Second Corps, Army of the Potomac, 25 September, 1861: Major General G W Smith, Confederate States Army, was assigned to the command of the Second Corps, Army of the Potomac, by General Orders No.31, Headquarters, Army of the Potomac, Camp Pickens, Manassas Junction, Prince William County, Virginia, on 25 September, 1861.

The 4th Alabama Infantry was assigned to the Second Brigade, First Division, Potomac District, Department of Northern Virginia, under the command of Brigadier General W H C Whiting, Confederate States Army, by General Orders No.15, Adjutant & Inspector General's Office, Richmond, Henrico County, Virginia, on 22 October, 1861.

Report

Supplement to the Official Records, Volume 1, REPORTS TO ADDENDUM: Series I, Volume 2, pp171-174
Captain T J Goldsby, Fourth Alabama Infantry, dated Camp Bee, near Manassas Junction, Prince William County, Virginia, 29 July, 1861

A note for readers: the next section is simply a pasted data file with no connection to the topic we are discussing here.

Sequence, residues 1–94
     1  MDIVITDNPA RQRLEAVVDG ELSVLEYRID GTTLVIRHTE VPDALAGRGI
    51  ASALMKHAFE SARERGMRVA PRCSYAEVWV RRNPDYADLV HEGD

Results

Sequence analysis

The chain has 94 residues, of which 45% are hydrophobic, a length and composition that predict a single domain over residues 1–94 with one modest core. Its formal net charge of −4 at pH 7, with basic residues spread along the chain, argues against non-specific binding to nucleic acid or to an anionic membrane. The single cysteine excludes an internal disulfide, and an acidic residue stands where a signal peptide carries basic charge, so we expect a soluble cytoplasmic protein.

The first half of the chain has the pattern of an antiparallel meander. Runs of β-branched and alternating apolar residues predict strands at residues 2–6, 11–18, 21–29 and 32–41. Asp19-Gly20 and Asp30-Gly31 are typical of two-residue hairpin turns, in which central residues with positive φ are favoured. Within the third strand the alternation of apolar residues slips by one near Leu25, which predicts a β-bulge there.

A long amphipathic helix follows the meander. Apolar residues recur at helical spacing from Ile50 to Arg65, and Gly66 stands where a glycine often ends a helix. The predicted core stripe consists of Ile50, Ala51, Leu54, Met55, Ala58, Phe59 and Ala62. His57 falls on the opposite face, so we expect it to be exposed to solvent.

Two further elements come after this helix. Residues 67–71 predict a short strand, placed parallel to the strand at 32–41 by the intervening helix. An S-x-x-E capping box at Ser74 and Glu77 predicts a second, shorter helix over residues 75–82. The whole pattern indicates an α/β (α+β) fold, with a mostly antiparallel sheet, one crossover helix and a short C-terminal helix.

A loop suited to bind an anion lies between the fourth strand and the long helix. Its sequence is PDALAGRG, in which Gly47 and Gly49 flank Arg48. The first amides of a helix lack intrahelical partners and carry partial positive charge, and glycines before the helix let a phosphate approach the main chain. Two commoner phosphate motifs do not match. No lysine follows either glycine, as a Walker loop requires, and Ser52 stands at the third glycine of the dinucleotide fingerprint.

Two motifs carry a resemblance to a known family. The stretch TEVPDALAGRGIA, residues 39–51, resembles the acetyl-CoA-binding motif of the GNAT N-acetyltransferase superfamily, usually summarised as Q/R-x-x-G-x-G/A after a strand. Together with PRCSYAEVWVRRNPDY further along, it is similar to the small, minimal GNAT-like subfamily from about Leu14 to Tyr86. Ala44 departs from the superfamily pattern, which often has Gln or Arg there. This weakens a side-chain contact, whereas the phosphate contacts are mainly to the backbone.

Supplement to the Official Records, Volume 1, REPORTS TO ADDENDUM: Series I, Volume 2, pp185-189
Major H C Whiting, Third Brigade, Army of the Shenandoah, dated Camp Bee, on the Bull Run River, 1 August, 1861

Supplement to the Official Records, Volume 1, REPORTS TO ADDENDUM: Series I, Volume 2, pp191-193
Adjutant General & Brigadier General S R Gist (South Carolina), Major R A Howard (Texas), and Captain A Vander Horst (South Carolina), aides to Brigadier General B E Bee, Third Brigade, Army of the Shenandoah